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Question
Posted by: Mark | 2020/02/05

Life chronicles

an expert's view will definitely help.... someone lovely and dear to me decided to part ways with me when I discovered that there is somebody else in the picture(which she denied and even today). Her reason for walking away: I don't trust her enough. We have been dating for more than 5 years and this is the person who knows me well and we had big plans of settling together. I feel robbed and misused by her actions despite of what we went through together in the past years. Yes, you cant force, someone, to love you. ALL I'm interested in, we have a chat and she can tell me how she felt about the ordeal. I don't intend to change her mind. I feel like she is the only one who can tell me truthfully whatever goes through me and maybe shed some light on her reasons to walk away. For me to close this matter will be very important knowing both sides of the story, as she still in my heart(in thoughts) in every day life. I tried to invite her for a talk but to no avail, and that can simply mean she is not interested in anything to do with me. I work, and very active in sports and socialise with my friends. What do you suggest as the best way to approach this matter? Do i try to pursue this meeting or completely wipe her out of my system? YOU ARE ALWAYS HELPFUL AND WILLING TO SHARE PROF. Thank you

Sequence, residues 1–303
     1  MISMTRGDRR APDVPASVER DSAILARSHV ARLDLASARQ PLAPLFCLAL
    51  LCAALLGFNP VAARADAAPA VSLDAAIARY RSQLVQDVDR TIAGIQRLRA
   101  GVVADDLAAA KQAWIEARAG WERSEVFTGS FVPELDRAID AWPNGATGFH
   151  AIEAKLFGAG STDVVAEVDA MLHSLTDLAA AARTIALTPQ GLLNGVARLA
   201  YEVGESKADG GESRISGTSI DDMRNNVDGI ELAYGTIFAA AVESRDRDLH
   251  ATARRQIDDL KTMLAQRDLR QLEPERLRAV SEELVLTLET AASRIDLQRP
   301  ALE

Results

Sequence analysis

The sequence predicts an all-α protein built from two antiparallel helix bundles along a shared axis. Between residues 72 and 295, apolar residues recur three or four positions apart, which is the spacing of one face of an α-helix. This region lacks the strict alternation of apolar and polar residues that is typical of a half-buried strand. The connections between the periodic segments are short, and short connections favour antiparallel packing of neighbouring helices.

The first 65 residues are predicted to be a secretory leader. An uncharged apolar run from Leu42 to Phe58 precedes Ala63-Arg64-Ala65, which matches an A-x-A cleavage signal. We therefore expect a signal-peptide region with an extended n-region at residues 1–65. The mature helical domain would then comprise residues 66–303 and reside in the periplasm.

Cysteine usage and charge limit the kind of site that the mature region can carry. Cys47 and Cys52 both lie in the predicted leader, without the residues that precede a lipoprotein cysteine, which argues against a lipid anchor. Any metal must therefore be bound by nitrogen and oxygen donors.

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Our expert says:
Expert ImageCyberShrink
- 2020/02/05

Hello Mark,
Even when we have had a very close and emotionally intimate relationship with someone, it is hard to understand why they do what they do. Let's admit it, it's often difficult to understand why WE ourselves do what we do. 
And when someone who has been close to us, leaves ; we may assume that it must be because of something we did ( of course that's possible ) but it may well be because of problems and issues within them, and not necessarily about you (though it hurts just as much ).
Her complaint about trust is a bit odd.  Just as you say, correctly, that we can't force someone else to love us ; so we can't force them to trust us.  Indeed, if someone does make such a demand it automatically makes it harder to trust them, as you wonder why this suddenly became so important to them.
If she were content to meet with you, perhaps in couples counselling, to explore the issues between you, this might be fruitful, but this appears not to be what she wants.
For you to have some sessions of personal counselling might help to sort this out, to enhance your understanding of the relationship and its end, and to help you draw more useful conclusions to guide your progress through the next phase of your life.

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